It is weird to think of Disintegration as The Cure's commercial peak. Yes, "Lovesong" and "Lullaby" are two of the catchiest and easy-to-digest songs that Robert Smith has ever penned, but other than that, Disintegration is deep, dense and quite complex. If The Cure's career can be divided into two distinct moments - their time as a three-piece and as a five-piece band - then Disintegration is the culmination of what working as a group of five very talented instrumentalists allowed them to do. The album was written when Robert Smith was closing in on thirty, and when he realized that most rock legends wrote their masterpieces before reaching that age, he locked himself up, fell into a deep depression and the result of those sessions is Disintegration, which - like the Beach Boys and their Pet Sounds - proves that there is a certain connection between brilliant musicians locking themselves up and putting pressure on their shoulders and the creating of historic albums.
As expected from its context, it is hard to find an album that is as dark as Disintegration. Most of the songs consist of very lengthy instrumental intros with haunting keyboards and shy guitars that spell delicate but strong and moody riffs leading to Robert Smith's mumbling vocals about love lost, solitude, and other somber themes. There are barely any choruses to be found, but the incredible ambition found within the tunes, the pleasant quest to figure out what exactly Smith is singing on most of those songs where his vocals are buried into the mix and the looming tension that comes with the album's production that left the sound incredibly spacious will keep your ears wide open through all of the album's seventy one minutes. Great artists put their mind and soul into their works, and it is hard to deny that Disintegration is the intriguing reflection of what the man who wrote it was living.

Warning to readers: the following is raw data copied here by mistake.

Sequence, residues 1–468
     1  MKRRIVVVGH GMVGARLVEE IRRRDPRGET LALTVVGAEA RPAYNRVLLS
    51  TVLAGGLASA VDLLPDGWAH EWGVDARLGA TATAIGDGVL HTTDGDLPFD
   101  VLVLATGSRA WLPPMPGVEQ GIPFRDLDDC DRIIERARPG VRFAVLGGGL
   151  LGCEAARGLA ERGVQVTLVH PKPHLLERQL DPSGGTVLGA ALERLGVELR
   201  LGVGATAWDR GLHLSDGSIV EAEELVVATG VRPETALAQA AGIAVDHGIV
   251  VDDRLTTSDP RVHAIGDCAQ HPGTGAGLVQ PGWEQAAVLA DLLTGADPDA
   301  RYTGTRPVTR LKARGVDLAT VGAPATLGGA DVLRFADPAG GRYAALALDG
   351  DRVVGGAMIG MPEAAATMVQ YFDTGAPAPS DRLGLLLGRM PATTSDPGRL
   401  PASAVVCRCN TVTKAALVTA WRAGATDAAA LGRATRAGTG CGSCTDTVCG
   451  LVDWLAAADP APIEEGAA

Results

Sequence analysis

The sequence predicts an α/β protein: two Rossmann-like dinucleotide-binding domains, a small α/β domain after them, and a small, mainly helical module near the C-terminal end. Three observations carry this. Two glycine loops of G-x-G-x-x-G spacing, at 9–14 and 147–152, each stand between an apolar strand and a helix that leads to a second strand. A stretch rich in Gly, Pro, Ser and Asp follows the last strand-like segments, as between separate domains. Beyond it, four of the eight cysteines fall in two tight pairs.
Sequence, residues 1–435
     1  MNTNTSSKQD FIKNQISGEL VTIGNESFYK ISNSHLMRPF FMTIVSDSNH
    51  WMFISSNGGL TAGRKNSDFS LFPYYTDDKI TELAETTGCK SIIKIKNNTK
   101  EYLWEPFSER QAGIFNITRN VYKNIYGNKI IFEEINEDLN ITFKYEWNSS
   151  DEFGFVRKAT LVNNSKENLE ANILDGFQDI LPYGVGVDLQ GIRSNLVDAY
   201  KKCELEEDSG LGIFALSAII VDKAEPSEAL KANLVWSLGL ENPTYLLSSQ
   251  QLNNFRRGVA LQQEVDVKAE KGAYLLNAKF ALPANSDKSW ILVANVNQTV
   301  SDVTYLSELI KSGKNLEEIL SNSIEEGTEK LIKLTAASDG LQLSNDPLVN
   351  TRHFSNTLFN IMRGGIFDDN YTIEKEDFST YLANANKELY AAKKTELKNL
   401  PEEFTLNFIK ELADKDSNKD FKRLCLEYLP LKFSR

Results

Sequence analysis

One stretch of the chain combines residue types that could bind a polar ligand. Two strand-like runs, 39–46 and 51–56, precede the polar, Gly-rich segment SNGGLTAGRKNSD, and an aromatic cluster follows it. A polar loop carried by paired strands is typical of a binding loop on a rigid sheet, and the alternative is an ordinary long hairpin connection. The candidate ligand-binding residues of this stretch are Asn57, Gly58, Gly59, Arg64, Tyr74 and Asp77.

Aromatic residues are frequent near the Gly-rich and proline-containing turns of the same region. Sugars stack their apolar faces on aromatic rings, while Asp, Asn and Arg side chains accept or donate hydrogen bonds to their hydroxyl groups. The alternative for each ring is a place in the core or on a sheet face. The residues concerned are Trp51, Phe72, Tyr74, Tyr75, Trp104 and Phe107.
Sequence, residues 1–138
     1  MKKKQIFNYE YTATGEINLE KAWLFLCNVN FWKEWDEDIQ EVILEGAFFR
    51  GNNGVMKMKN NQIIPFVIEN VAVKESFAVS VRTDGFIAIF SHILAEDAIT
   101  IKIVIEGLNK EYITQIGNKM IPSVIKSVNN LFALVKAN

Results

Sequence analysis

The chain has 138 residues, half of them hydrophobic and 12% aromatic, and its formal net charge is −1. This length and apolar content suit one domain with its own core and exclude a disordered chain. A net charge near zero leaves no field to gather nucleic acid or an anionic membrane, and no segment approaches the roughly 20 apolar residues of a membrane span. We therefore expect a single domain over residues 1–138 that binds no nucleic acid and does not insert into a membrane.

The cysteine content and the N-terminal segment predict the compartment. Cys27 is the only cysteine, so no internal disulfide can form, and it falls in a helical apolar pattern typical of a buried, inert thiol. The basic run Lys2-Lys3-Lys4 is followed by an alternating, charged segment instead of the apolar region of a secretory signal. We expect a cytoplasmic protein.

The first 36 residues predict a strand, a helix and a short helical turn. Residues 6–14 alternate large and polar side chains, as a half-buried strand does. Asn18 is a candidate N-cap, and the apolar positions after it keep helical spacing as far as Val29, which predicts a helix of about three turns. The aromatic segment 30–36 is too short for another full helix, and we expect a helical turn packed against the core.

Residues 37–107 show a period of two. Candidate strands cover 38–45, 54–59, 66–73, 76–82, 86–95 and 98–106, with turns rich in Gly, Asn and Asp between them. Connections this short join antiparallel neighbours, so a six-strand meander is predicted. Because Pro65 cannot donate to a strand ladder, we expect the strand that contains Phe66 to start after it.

Ziggy Stardust is one of my favourite albums, though the best Bowie record for me will always be Diamond Dogs (that's excluding David Live of course).
Love David Bowie's music, though the only albums I have of his are "Low" and "Station To Station." Been meaning to get more of his stuff.
Have not heard any of these albums. I dont really listen to recent or mainstream music. Mostly older stuff from the 80s or 90s. Only current band I kinda like is Keane but just a few songs.
I feel like music nowadays is all the same in a way. Even when someone tries to be different it comes off cliche and trendy to me. I dont know, sorry I sound so down here,lol.
@wildcat2000 I see where you are coming from. I can't get into most modern music, I enjoy the classics greatly, though.
I liked reading your thoughts on the albums you like. Despite playing, listening to, and talking about music with my friends on a near-constant basis, I've never been able to successfully write about anything music-related in a non-technical way. One of these days I just have to sit down and force myself to write a full, reasonably accessible album review.
@WTA2k5 Thanks! If you sit down to write something, I am sure you will come up with something great!